Sunday, May 1, 2011

Martial Arts as P.E., part 2

Martial Arts as P.E., part 2
Beside a great physical work out, martial arts teaches many skills that are important in life. They teach self-control in the physical as well as emotional sense. They encourage students to set goals. The good thing here is that the goals are individual. A goal might be to learn the next three moves of a form, or to test for the next belt rank or to go for a national or world championship. Tae Kwon Do also teaches respect for those above and those below you, whether that is age or rank. Honor and integrity and respect are also key tenets of martial arts. For students with attention deficiencies, martial arts have been shown to improve behavior and academic performance. It is important to know that most martial arts are not taught in a manner that is mean or aggressive. Most martial arts are considered defensive rather than offensive and therefore do not encourage students to strike first or to start fights. And anyone can be a martial artist. At a tournament I recently attended there where students with physical disabilities, students with cognitive disabilities, young children, old people, athletes at the top of their form, and out of shape people who had decided to move in an attempt to improve their physical state. All are welcome.

There is another aspect of martial arts that I personally consider very important. At least in our form of martial art, there is no sideline coaching from parents. What this means is that there is not the over achiever parent, living vicariously through their child, yelling commands from the sidelines. In some team sports, even if you, as a parent, are not yelling at the children from the sidelines, there is another parent, yelling at their child, and by proximity, your child is being subjected to the yelling. There is not “team” pressure either. Each student of martial arts is not trying to meet another’s expectations. The ultimate goal in martial arts is for each student to live up to their own personal best.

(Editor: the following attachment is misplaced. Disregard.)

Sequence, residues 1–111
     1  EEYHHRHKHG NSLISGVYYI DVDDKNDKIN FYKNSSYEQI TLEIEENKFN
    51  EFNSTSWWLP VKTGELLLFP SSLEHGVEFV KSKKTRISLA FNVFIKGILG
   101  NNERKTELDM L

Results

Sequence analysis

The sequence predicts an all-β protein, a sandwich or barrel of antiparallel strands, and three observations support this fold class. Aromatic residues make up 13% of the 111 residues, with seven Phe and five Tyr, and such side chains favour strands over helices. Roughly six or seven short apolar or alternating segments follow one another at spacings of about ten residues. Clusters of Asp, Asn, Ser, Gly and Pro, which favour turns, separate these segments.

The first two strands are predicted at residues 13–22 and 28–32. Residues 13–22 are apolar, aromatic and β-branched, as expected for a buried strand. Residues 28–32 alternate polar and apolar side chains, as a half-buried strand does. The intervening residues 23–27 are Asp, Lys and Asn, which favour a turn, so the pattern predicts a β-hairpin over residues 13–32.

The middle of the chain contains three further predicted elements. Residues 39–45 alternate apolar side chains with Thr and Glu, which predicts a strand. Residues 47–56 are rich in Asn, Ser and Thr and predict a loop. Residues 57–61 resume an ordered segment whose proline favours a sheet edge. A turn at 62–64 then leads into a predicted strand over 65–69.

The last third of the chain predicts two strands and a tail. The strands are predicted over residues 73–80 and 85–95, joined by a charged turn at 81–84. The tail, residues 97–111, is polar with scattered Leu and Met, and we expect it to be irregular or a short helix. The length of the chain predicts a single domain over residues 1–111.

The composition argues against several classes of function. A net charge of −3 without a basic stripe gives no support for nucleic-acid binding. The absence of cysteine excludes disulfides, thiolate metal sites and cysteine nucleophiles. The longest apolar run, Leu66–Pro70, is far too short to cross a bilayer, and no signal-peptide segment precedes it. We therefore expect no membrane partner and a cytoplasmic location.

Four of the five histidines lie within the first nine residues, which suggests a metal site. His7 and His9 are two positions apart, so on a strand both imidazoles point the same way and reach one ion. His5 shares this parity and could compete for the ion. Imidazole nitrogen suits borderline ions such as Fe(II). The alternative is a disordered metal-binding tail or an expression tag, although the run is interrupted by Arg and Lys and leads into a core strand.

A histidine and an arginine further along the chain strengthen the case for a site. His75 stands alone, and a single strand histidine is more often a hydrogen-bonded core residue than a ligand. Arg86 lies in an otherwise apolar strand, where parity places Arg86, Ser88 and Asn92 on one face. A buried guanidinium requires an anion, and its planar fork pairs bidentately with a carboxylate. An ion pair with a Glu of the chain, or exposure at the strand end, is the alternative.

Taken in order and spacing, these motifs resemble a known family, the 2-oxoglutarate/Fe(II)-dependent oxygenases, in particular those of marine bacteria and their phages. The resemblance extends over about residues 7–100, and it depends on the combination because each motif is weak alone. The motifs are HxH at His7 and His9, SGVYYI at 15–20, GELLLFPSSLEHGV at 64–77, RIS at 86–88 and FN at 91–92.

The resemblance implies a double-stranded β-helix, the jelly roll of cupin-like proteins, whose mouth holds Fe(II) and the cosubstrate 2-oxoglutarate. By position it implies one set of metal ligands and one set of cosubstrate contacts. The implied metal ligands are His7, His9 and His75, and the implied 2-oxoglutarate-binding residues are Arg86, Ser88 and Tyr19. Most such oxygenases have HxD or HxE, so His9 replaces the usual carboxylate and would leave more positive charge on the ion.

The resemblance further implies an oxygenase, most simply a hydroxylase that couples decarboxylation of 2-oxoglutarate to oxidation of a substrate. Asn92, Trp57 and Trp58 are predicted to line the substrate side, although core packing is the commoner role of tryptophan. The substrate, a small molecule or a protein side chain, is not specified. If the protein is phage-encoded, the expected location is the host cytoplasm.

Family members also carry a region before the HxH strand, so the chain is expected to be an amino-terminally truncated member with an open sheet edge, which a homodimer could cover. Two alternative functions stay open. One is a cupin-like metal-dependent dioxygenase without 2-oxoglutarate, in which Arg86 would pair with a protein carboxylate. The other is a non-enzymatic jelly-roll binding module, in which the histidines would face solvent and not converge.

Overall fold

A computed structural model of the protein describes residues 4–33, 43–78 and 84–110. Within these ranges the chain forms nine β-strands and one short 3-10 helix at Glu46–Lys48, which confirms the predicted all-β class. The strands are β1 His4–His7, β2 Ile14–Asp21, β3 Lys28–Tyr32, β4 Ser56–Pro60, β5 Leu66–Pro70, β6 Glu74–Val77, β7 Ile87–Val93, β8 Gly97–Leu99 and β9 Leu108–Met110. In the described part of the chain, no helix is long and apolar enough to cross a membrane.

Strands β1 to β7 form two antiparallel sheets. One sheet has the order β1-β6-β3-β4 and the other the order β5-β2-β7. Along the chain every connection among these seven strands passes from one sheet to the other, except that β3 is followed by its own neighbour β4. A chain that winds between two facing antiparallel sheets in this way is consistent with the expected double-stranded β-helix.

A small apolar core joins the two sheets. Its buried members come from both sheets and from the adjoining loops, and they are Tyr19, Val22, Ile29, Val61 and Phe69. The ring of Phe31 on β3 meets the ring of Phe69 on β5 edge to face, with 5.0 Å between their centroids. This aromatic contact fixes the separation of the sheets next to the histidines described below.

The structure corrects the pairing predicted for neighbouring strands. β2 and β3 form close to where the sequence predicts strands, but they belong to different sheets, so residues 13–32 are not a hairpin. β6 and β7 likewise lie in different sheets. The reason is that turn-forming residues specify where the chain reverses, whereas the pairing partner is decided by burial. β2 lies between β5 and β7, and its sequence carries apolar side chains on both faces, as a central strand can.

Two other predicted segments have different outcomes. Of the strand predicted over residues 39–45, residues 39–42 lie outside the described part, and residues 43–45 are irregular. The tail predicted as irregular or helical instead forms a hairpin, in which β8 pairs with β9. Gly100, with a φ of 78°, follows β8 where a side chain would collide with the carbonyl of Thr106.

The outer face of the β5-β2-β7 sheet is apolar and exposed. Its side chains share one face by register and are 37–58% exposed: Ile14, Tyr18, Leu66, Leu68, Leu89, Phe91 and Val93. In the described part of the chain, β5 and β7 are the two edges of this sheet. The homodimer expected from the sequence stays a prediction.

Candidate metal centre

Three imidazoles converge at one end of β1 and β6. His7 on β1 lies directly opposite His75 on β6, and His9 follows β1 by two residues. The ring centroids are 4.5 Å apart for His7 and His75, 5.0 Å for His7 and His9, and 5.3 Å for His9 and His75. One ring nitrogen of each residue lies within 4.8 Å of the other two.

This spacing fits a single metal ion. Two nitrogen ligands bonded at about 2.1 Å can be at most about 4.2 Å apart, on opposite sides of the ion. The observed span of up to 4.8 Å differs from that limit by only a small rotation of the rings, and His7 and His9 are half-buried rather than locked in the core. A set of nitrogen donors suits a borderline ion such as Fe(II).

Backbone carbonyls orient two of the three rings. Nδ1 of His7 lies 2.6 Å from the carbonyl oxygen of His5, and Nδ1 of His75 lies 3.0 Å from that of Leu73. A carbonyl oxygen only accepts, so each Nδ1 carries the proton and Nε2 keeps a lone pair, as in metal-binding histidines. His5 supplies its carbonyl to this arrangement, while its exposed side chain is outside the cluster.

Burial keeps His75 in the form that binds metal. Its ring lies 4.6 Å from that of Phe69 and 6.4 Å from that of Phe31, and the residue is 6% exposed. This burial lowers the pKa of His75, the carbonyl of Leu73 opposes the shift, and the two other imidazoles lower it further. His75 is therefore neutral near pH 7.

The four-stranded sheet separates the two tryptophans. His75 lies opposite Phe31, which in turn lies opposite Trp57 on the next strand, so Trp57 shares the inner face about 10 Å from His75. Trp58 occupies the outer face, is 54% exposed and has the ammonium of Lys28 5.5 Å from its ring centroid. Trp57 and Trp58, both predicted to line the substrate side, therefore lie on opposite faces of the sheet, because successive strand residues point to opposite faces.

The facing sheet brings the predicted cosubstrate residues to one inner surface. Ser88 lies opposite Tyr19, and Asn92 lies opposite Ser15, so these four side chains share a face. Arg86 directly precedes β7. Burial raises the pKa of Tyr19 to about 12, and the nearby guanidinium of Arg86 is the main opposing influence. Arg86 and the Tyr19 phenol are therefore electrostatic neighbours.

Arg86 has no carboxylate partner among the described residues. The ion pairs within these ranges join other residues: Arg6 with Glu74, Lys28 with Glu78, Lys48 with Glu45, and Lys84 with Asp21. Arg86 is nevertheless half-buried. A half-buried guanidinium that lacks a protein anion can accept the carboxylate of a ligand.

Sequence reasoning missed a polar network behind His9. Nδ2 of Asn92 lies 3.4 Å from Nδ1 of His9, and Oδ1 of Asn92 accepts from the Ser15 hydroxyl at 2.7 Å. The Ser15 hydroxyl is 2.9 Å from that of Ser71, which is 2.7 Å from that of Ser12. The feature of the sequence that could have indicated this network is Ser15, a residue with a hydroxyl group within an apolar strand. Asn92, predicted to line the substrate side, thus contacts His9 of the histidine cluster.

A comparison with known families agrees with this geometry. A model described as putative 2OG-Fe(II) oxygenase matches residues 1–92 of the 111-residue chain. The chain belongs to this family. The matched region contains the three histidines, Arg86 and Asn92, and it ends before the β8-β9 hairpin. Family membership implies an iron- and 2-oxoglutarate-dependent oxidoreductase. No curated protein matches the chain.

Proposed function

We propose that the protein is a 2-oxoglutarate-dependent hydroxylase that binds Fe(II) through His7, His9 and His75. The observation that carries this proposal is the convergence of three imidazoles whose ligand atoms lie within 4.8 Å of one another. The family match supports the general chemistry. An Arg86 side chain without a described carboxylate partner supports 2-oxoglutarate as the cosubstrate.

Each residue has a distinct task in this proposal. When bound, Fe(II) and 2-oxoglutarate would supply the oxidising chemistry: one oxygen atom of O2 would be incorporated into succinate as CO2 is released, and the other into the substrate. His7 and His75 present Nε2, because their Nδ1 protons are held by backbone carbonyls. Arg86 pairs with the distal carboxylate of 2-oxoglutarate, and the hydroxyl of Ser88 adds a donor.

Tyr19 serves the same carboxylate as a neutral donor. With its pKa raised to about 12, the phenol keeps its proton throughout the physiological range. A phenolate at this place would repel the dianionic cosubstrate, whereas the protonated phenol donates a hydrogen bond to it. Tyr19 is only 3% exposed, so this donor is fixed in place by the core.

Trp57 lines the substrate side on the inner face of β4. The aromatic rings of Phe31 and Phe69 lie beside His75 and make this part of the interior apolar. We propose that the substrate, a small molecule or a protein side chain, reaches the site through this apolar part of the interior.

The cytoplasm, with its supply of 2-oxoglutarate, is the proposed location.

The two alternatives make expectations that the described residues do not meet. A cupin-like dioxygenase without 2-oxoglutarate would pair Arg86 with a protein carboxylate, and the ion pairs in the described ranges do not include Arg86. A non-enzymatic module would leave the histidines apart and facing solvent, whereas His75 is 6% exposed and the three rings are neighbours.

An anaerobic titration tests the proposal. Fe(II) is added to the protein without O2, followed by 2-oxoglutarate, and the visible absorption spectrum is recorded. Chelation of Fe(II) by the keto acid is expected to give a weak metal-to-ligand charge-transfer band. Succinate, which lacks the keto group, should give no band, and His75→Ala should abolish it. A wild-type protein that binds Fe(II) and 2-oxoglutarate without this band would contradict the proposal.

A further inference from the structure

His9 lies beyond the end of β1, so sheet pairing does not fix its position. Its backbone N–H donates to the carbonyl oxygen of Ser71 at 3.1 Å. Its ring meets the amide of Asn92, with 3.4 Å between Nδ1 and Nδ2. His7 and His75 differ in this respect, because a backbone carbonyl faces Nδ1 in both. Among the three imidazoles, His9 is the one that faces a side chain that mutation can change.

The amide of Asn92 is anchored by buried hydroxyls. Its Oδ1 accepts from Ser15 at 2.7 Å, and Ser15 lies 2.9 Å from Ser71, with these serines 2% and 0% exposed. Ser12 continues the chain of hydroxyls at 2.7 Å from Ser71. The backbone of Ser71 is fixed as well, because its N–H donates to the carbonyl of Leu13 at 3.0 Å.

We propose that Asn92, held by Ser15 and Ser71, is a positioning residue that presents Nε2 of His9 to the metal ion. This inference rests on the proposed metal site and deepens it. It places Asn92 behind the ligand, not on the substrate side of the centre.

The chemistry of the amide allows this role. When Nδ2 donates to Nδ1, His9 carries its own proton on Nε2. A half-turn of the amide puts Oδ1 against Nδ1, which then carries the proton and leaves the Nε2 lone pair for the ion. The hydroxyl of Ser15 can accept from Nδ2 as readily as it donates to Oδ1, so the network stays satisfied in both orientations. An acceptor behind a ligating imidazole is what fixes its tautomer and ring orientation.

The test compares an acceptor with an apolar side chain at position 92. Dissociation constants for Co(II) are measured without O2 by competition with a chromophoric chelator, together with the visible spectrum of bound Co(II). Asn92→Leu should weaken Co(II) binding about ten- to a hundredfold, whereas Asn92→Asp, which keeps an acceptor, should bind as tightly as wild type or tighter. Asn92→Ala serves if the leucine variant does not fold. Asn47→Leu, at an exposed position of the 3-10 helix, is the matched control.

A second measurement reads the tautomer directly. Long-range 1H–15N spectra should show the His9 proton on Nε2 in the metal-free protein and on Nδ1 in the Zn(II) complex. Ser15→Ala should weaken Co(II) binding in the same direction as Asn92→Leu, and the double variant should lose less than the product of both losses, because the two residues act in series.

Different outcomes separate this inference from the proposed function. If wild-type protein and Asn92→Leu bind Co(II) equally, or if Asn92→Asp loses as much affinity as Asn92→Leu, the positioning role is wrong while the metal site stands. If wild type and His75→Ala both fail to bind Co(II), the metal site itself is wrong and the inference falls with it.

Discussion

In the grand scheme of things there are many positives to including a marital art in your child’s physical education program. The added bonus to the practice of a physical activity that can continue into adulthood is the fact that many of the virtues taught and practiced while participating in martial arts reinforces good character and a strong moral direction. This is done without assigning a religious aspect to that moral character. If you and your fifth grader are looking for a family friendly physical activity you should consider martial arts. Our Black Belt family did and we have only one regret – that we didn’t start sooner!

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